Research & Writing
COPPA'sImpact on Data Capture
By Cassie Carter, PhD
The Children's Online Privacy Protection
Act (COPPA) becomes effective April 21, 2000. COPPA requires
all Web sites that specifically target and gather information
from children under 13 to first gain “verifiable parental
consent.” Web sites that allow children to give out
personal information (via chat rooms, messaging, bulletin
boards, homepage building, etc.), and Web sites that share
personal information with third parties will be required to
use more reliable forms of parental consent, such as postal
mail, fax, credit card, or tamper-resistant “digital
signatures” before personal information can be collected.
If the information is only used internally by the Web site
collecting it, parental consent may be obtained via e-mail,
provided the operator takes steps to confirm the parent’s
identity. (Within the next two years, the technology available
for securing parental consent will be reviewed and more specific
requirements for electronic forms of verifiable consent will
be developed.) The Web site must post a prominent link to
a notice of its information-collection practices (privacy
policy) on its home page and at each area where personal information
is collected and inform parents how they can view, change,
and remove information collected about their child as well
as revoke consent.
The full text of COPPA is available as a
PDF document on the Federal Trade Commission’s website
(this link will launch Adobe Acrobat in a new window).
A helpful guide, “How to Comply with
the Children's Online Privacy Protection Rule,” is available
at: http://www.ftc.gov/bcp/conline/pubs/buspubs/coppa.htm (this link will open a new window).
The present document, based on the FTC’s
guide, outlines the specific ways in which COPPA will impact
data capture on websites designed for kids.
I. What personal information is
protected by COPPA?
A. COPPA applies
to information that would allow someone to identify or contact
the child, such as a full name, home address, email address,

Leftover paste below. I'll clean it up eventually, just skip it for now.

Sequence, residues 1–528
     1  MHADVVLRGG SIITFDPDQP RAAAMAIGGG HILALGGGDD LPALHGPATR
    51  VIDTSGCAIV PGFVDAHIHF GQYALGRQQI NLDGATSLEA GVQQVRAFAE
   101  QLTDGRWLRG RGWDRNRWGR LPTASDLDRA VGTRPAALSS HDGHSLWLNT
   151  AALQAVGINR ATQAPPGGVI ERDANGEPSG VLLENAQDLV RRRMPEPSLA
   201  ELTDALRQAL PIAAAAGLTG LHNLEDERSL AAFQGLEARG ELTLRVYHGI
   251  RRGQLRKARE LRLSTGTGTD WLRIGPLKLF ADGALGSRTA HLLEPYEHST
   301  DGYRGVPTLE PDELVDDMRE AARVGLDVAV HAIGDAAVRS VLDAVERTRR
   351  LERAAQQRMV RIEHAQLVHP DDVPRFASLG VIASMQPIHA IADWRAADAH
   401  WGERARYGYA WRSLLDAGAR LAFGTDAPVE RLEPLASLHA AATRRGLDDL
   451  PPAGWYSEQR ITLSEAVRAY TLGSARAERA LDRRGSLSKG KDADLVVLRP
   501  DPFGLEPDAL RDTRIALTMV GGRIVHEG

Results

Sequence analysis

B. COPPA also covers
other types of information--like hobbies and information collected
through cookies or other types of tracking mechanisms--when
such information is tied to individually identifiable information.
II. How does COPPA impact
the information we can collect?
A. We cannot collect
any personally identifiable information without parental consent,
beyond the information needed to obtain parental consent.
B. “It is a deceptive
practice under Section 5 to represent that a Web site is collecting
personal identifying information from a child for one reason
(say, to earn points to redeem a premium) when the information
will be used for another reason that a parent would find material--and
when the Web site does not disclose the other reason clearly
C. We can get an email
address from a child in order to contact the parent to obtain
consent. This email cannot be retained for any other use.
D. Without parental consent,
we can use a child’s email address to respond directly
to a child’s request for information; however, the parent
should be notified that such contact has been made. The
child’s email cannot be retained for any other use.
E. We can also use a
child’s email address to send a newsletter on an ongoing
basis, provided the parent is notified of the ongoing contact.
F. We may not require